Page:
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Converge or diverge of factorials

  • Thread starter tnutty
  • Start date
327
1
1. Homework Statement

Determine whether the series converges or diverges.

[tex]\sum\frac{37}{n!}[/tex]


I will just forget about the 37, and think of it as [tex]\sum\frac{1}{n!}[/tex]

I can try to decompose the n!

n! = n(n-1)!
n! = n ( n-1) (n-2)!
n! = n(n-1)(n-2)(n-3)......2*1


so [tex]\sum\frac{1}{n!}[/tex] = [tex]\sum\frac{1}{n(n-1)!}[/tex]

=

[tex]\frac{1}{n}[/tex] *[tex]\frac{1}{(n-1)!}[/tex]

since 1/n is a p-series and diverges so does the series.

Is this right ?
 

Dick

Science Advisor
Homework Helper
26,258
618
That's not a p-series. A p-series looks like 1/n^p. Use a ratio test.
 
Last edited:
327
1
Don't know what a ratio test is. Isn't 1/n a p-series because

1/n = 1/n^1 ?
 
Your series isnt 1/n but 1/n!, can you see the difference?
 
327
1
yes but

its 1/n * 1 / (n-1)!

if one term diverges, does not the other because Infinity * whatever != converge
 
Well, nope!

1/n*1/n^2=1/n^3. this series obviously converges, by applying p-test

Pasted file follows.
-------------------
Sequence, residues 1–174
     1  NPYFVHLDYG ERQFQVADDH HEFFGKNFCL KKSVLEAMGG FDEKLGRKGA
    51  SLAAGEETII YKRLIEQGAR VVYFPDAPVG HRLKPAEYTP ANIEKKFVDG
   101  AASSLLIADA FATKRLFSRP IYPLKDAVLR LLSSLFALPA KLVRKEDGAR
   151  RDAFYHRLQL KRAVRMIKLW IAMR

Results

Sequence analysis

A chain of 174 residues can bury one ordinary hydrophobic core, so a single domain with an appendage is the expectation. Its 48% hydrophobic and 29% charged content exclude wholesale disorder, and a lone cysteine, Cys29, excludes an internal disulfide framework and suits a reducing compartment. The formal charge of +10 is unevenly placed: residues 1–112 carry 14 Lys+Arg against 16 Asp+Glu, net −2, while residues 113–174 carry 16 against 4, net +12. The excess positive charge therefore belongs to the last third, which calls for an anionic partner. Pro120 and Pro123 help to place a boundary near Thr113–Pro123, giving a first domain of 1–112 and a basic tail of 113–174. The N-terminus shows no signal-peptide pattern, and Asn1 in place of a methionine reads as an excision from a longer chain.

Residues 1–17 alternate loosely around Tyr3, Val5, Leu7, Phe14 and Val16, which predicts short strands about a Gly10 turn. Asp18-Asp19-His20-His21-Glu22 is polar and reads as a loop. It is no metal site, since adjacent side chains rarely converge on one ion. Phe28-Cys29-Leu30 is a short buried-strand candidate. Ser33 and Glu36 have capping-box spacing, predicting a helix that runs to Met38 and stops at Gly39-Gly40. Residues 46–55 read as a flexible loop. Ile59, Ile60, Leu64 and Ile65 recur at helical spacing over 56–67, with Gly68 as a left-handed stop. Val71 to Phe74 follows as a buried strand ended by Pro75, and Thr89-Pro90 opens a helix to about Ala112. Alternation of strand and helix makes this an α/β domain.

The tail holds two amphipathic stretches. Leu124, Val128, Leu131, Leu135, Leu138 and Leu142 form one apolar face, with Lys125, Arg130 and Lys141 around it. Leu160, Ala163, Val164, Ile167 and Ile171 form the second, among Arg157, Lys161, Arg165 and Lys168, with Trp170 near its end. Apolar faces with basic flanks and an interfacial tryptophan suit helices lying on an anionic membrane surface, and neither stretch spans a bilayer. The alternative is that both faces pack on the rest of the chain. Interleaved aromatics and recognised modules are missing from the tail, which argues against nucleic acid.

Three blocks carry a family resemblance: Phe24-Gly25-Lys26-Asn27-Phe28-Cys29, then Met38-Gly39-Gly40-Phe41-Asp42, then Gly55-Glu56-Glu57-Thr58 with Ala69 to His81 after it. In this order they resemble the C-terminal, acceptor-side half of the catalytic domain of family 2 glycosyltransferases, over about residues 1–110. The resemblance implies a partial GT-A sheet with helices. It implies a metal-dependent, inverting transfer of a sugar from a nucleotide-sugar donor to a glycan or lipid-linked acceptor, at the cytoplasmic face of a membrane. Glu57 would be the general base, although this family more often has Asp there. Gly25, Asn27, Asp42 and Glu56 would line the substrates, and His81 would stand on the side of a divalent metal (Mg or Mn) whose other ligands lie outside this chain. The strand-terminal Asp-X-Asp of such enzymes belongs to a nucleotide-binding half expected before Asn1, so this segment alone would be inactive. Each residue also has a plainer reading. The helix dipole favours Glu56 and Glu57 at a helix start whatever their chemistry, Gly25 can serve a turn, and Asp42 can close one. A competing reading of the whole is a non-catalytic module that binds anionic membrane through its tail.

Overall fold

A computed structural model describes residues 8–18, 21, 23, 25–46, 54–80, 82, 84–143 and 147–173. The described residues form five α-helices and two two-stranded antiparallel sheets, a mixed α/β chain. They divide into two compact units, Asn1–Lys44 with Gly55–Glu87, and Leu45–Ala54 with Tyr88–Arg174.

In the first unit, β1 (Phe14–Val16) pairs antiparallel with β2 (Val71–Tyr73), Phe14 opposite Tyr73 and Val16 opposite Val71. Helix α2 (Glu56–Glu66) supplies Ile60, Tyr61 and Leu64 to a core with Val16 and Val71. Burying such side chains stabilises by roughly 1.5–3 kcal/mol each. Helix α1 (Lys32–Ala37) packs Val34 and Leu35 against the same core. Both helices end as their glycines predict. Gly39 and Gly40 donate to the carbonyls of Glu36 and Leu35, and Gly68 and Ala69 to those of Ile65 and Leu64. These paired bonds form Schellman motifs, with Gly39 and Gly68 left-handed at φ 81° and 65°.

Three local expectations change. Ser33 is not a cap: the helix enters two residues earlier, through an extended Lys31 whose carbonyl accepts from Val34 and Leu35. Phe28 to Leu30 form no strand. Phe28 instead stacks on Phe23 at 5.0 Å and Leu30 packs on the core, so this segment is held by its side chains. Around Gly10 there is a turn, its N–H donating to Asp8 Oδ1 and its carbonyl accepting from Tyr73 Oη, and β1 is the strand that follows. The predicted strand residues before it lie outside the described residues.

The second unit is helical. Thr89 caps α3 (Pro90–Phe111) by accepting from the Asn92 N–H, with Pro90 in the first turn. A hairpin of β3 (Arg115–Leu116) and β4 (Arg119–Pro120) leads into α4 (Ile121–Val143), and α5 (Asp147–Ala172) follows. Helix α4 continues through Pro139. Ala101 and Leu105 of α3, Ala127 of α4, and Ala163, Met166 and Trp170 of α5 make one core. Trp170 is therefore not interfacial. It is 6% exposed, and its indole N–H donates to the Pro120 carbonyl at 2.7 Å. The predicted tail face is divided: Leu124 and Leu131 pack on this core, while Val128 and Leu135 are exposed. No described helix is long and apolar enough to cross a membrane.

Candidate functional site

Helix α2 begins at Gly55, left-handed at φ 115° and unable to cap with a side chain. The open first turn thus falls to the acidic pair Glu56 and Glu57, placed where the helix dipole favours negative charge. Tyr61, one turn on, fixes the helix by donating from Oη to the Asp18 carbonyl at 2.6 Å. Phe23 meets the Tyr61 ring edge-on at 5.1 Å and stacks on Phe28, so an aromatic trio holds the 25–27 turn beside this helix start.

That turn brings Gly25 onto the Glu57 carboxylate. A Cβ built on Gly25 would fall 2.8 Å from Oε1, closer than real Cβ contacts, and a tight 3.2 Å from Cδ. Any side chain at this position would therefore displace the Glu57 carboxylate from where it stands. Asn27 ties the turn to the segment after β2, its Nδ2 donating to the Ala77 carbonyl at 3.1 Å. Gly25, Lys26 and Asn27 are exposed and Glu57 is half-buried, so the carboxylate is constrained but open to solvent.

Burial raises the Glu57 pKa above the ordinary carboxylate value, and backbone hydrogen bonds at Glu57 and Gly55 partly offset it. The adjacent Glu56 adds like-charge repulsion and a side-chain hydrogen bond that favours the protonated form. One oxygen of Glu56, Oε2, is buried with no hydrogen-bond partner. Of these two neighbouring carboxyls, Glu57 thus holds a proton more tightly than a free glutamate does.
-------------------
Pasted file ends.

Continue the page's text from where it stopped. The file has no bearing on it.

Eventhough the first one alone(the harmonic series diverges)

Moreover: 1/n*1/n both alone diverge but when multiplied together they converge , 1/n^2 according to p-test again.
 
327
1
ok, so how do I go about this. Since I haven't learned ratio test yet
 
I assume you have learned the comparison tests, right? since this is one of the first tests you learn when you are introduced to numerical series.

first prove that:

[tex]n!>2^n[/tex] for some n>k, where k is a positive integer, and then use this fact and the comparison theorme to show that your series converges.
 
327
1
From using a graphical interface k = 4.

not sure how I can prove it.

I could try this :(induction)

0! = 1
1! = 1
2! = 2
3! = 6
4! = 24
5! = 120

2^1 = 2
2^2 = 4
2^3 = 8
2^4 = 16
2^5 = 32
 
well, since n!>2^n, for say n>2, then it follows that

1/n!<(1/2)^n, and you probbably know that the RHS is a geometric sequence whose ratio is r=1/2<1, so it converges, now from the comparison test, we know that the series sum(1/n!) converges as well .
 

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